In The Satanic Verses (1988), that made writer Salman Rushdie a faultline in the battle for free speech, he wrote: “Language is courage: the ability to conceive a thought, to speak it, and by doing so to make it true.” What Rushdie did not write was that violence is cowardice, especially when it is used to threaten, intimidate and erase words and voices that some find offensive or unpalatable. Hadi Matar, who attacked Rushdie, stabbing him several times on a stage before he was about to speak at Chautauqua Institution in New York state, in a discussion about the United States as a safe haven for exiled writers and other artists who are under the threat of persecution, tried to silence his words with a knife. But ideas are stronger than the weapons used to target them. Despite the severe injuries he is battling, what Rushdie continues to stand for – more than ever – is the right not only to speak but also to offend.
Matar (24) had not been born when The Satanic Verses was first published, or when the book was banned in India. In New Jersey, where the would-be assassin lives, Ayatollah Khomeini’s writ – and the fatwa issued on February 14, 1989 – would have held little sway. Now in custody, Matar will not get the $3-million bounty that Iran’s Supreme Leader had placed on Rushdie’s head. In fact, in 1998, the Iranian government distanced itself from the fatwa. Through it all, though, Rushdie did not give in to the intimidation: At an Indian Express Idea Exchange in 2013, he said: “Yes, I would write The Satanic Verses again…people define their identity not by what they love but what they hate.” As of now, Matar’s motives – his social media activity reportedly indicates sympathy for extremist Shia causes – are not known. But no motive can be justification for the attack. In his memoir, Joseph Anton, Rushdie recounted the years he spent in hiding because there were people who thought that killing him was an act of religious merit. However, the fear of irreverence, found across political and religious ideologies and beliefs, is a function, more, of the insecurities of the powerful. It rears its head when they fear being questioned; when they realise that a subversive book opens up new spaces and possibilities to ask questions of power. This fear is then mobilised and weaponised to stoke violence. It is important also, in the aftermath of the attack on Rushdie, to remember that Muslim groups across the world, including the Muslim Council of Britain, were among the first to condemn it.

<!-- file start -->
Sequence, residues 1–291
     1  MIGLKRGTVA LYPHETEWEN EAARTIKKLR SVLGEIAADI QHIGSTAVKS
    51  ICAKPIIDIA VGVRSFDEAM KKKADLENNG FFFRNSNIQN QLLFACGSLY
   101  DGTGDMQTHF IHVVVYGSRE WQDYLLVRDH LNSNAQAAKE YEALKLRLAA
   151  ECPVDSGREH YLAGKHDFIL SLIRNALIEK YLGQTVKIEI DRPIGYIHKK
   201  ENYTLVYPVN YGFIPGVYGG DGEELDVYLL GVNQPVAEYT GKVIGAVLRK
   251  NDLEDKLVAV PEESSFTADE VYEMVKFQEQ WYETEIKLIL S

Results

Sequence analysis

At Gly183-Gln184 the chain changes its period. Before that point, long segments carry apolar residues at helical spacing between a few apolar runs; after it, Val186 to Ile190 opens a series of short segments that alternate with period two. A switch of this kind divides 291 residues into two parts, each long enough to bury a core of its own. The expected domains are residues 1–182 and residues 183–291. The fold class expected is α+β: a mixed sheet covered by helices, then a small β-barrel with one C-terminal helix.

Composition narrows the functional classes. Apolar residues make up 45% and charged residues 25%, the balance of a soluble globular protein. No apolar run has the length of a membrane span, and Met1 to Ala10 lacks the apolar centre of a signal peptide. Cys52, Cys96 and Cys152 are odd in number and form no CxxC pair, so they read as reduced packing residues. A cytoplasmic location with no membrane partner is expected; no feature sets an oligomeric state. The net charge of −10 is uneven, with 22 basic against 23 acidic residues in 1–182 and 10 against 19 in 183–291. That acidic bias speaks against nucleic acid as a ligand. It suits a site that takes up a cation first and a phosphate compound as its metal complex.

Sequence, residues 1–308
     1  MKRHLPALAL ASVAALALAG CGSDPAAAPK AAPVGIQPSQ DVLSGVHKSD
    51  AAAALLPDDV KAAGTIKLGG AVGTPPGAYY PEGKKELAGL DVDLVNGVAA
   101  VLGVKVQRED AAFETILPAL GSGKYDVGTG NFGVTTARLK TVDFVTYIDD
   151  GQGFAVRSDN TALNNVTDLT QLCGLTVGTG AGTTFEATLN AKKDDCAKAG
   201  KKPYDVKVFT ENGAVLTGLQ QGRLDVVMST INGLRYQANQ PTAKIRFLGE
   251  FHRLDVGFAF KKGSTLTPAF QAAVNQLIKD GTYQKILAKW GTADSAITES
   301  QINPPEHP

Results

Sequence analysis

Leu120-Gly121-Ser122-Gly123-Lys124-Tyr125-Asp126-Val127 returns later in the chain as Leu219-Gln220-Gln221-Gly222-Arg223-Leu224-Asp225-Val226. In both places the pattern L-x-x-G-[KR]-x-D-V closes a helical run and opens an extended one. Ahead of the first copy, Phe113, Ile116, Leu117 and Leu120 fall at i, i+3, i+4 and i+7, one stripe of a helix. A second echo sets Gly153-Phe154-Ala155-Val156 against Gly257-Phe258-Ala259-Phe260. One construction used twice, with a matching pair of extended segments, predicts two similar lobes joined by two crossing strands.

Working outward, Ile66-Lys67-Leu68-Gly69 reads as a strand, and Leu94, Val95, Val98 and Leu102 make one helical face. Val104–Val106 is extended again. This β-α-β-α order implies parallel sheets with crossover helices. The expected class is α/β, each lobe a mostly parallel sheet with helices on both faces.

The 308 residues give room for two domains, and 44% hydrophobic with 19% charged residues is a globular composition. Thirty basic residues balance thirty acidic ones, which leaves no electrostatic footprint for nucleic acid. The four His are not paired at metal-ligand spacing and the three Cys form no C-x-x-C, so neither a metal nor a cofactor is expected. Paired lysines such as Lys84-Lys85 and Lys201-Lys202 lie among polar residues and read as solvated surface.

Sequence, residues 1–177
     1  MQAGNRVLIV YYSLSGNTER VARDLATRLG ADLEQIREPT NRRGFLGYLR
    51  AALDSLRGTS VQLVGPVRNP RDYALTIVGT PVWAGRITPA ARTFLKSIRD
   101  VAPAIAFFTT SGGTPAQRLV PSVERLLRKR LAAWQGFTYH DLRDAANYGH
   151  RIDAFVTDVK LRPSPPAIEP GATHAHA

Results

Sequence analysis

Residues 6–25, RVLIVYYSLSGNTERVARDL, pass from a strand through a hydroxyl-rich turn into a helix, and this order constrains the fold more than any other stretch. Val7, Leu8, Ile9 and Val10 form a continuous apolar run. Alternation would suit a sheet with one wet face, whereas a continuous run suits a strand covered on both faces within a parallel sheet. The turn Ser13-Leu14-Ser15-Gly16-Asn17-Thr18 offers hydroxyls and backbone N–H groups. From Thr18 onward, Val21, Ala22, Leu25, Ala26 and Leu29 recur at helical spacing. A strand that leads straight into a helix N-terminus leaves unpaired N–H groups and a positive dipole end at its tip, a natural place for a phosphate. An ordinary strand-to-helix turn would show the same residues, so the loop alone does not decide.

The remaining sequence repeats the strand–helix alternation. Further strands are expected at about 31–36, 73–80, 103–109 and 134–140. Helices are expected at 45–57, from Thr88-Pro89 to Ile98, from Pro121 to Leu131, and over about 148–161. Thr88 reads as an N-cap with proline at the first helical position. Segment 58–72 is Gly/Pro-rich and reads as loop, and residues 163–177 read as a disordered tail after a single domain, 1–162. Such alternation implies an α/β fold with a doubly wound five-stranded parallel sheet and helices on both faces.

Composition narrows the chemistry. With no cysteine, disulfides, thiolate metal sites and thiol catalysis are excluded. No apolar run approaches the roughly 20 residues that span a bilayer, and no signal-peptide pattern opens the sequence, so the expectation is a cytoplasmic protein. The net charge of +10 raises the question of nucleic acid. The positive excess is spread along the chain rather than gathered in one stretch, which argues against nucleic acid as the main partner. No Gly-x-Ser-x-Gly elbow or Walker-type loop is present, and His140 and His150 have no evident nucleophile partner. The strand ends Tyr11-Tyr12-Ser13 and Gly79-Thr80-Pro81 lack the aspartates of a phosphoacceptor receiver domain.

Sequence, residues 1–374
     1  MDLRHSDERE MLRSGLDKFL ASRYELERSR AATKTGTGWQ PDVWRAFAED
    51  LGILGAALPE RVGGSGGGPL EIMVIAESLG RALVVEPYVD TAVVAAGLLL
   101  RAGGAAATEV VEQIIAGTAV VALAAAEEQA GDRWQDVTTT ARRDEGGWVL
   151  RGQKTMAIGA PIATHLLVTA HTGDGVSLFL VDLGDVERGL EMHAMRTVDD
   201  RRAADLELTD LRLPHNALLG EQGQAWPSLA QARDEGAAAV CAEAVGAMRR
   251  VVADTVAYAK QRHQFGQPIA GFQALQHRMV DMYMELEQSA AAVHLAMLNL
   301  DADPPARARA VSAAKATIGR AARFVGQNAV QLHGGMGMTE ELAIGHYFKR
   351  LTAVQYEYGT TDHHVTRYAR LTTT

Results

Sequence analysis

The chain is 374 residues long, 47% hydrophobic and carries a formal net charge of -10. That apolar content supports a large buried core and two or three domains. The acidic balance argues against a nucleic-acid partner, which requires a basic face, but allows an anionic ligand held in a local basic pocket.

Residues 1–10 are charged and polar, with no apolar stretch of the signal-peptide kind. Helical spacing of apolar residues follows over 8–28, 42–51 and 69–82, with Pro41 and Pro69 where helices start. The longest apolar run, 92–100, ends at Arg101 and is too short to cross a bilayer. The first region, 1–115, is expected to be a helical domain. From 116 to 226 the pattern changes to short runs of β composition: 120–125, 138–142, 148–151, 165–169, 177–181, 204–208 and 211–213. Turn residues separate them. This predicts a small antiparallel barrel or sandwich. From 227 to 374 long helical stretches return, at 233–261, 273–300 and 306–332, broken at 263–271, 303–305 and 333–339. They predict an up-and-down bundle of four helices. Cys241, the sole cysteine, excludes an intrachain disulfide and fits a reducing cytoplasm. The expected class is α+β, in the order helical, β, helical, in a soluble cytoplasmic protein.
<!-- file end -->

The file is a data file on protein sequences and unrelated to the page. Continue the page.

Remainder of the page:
Those that know Rushdie’s work have found the truest expression of his political worldview not in his many political essays and polemical articles but in a novella that he wrote for his first son. In Haroun and The Sea of Stories (1990), the Shah of Blah (a storyteller of great renown), goes to the Land of K (under quasi-military occupation by a powerful state) and loses his voice and his words. In the dreamland of stories, Haroun battles the insecure, small-minded powers that would silence everyone and have them live in a land of eternal obedience for the sake of his father, the Shah (a proxy for Rushdie). In the land of silence, the storytellers won, and “the black ice of that dark fortress received the sunlight like a mortal wound.” As Rushdie battles severe injuries and faces uncertain long-term health consequences from the attack, there is only one certainty: His words will continue to pierce the darkness.